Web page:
- Chora - χώρα
The central, elevated, often most important settlement of the island that is protected against pirates, for examples see the choras of Kythira, Milos and Sikinos further below.
- Skala - Σκάλα
The port that is associated with the Chora. From the Italian word “scala” (stairs), as can be found on Santorini, Patmos, Astypalea and Sikinos. Skala is also used to indicate a quay on nautical charts.
- Loutra - Λουτρά
This place name refers to a thermal spring – Loutraki – hence indicating “spa” or “baths”: Methana: marvellously mephitic Kythnos, Skopelos.
- Vathi - Βαθύ
From the Greek word meaning “deep” or “depth” indicating a “deep harbour”. See Meganisi, Methana, Samos, Kalimnos.
- Panormos - Πάνορμος
Literally “whole harbour”, suggesting a good place to moor. Examples on Mykonos, Astypalaia, Tinos, Skopelos and Naxos.
- Kastro - κάστρο
The greek word for “castle”, compare the Latin “castrum”. Usually referring to Venetian castles or (a part of) a town that originated from such a fortress. Examples on Skiathos, Sifnos, Andros. Also, Chios, the main settlement on Chios island, is often called either Chora or Kastro to distinguish between the island and the town, likewise Antiparos.
- Profitis Ilias - Προφήτης Ηλίας
The highest mountain on numerous islands, notably on Melos, Rhodes and Sifnos, is named “The prophet Elias”.
- Panagia - Παναγία
Also Panayia or Panaghia, meaning All Holy. One of the titles of Mary, the mother of Jesus, used throughout Greece for Orthodox Churches, villages and bays, as on Pelagos.
- Mandraki - Μανδράκι
After medieval Greek mandrakia, plural of mandrakion “yard”, a diminutive of mandra “enclosure”. It may also be a topographic name for someone living by an enclosure. Mandraki is a common place name in Greece, and Mandrakis is also found as a Greek family name. Notably: Mandraki port on Nisyros, Mandraki (the old harbour) on Rhodes, Mandraki port on Corfu, Mandraki anchorage on Hydra.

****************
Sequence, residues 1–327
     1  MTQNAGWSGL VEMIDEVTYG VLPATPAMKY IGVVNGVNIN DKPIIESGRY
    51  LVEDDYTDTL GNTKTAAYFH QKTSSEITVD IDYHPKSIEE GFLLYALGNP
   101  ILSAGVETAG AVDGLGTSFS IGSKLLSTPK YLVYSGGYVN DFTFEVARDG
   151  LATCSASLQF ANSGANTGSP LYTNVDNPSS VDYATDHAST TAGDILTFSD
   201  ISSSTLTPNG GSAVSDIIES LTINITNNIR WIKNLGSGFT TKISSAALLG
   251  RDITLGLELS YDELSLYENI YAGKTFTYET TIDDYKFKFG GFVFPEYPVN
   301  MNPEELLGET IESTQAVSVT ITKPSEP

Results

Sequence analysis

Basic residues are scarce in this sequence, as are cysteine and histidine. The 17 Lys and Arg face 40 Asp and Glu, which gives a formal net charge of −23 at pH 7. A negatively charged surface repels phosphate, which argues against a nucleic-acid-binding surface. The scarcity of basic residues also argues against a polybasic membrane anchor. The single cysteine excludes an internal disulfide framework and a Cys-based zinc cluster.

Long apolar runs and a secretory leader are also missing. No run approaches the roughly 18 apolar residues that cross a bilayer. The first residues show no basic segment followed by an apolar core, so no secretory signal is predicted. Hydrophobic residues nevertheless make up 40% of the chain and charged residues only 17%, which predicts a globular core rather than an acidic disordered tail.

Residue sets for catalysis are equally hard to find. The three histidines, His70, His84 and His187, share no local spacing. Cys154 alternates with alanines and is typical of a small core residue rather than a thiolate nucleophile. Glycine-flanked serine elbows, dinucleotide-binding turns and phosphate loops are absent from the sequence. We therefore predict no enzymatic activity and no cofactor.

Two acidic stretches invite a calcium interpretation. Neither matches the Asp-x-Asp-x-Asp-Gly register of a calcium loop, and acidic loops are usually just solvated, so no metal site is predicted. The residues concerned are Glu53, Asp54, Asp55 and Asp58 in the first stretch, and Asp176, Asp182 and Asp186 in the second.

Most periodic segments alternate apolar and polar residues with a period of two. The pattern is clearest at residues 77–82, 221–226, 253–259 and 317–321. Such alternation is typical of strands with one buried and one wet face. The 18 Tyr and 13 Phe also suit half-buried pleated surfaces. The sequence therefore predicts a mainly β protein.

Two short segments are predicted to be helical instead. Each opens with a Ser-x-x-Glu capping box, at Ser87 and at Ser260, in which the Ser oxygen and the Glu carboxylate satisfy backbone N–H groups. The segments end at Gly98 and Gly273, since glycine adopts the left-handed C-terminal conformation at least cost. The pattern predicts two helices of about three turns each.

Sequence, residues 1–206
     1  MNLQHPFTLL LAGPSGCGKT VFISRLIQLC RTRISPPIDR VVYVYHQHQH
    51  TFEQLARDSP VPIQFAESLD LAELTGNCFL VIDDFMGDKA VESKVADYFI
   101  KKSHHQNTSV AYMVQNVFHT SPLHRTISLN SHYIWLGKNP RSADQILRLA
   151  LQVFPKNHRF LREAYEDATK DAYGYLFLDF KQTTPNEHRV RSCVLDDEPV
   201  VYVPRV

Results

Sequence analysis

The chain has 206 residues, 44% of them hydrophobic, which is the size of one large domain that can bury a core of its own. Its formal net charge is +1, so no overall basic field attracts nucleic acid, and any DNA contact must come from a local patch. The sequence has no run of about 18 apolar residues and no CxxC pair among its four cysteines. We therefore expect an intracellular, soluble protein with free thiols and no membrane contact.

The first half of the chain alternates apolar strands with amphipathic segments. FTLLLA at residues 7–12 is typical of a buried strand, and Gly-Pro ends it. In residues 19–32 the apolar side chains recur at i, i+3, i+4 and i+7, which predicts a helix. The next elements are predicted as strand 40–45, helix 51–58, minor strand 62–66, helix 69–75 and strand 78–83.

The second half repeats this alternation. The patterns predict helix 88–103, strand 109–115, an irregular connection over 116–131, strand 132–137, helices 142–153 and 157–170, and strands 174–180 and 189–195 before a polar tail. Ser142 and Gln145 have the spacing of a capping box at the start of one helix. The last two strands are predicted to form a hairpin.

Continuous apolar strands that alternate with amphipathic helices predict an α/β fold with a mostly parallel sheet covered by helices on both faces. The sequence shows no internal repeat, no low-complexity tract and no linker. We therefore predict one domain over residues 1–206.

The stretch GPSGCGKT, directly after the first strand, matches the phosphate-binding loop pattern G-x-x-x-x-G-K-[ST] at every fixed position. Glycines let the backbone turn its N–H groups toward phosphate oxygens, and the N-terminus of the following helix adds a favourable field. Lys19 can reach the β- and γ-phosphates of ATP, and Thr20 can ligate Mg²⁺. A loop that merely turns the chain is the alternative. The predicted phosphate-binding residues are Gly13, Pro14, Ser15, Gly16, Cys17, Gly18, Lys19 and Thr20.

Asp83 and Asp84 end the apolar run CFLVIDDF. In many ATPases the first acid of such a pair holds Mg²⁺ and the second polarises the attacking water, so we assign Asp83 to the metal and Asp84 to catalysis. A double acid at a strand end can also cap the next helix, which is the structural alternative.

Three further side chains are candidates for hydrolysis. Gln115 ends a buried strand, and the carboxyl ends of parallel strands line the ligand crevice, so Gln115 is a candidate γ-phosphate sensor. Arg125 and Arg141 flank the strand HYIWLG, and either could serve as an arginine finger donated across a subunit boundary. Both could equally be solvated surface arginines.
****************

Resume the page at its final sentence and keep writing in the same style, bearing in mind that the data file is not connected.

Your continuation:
- Archipelago - ἀρχιπέλαγος
from ἄρχι (chief) and πέλαγος (sea), which was the proper name for the Aegean Sea and later the Aegean Islands !
|Ayios – Ayia||Saint: e.g. Agios Nikolaos, Agia Marina|
|Akrotirion||Headland – promontory|
|Ifalos||Overfalls – reef|
Peloponnese: two passages
Either when sailing between Italy (Brindisi, Sicily, Taranto, etc) and the Aegean (Athens) or when preparing an itinerary longer than 3 weeks, one has the luxury of two possible passages around the Peloponnese peninsula:
- The standard northern passage through the Corinth Canal;
- The ancient route via the legendary south coast of the Peloponnese.
Advantages southern passage
- This meridional coastline of the Peloponnese is relatively pristine and off the beaten track, in great contrast to the touristed Corinthian Gulf.
- The three promontories frame two large gulfs – Messiniakos Kolpos & Lakonikos Kolpos – with greatly enriches this cruising ground.
Steering south from Zakynthos offers scores of attractive ports: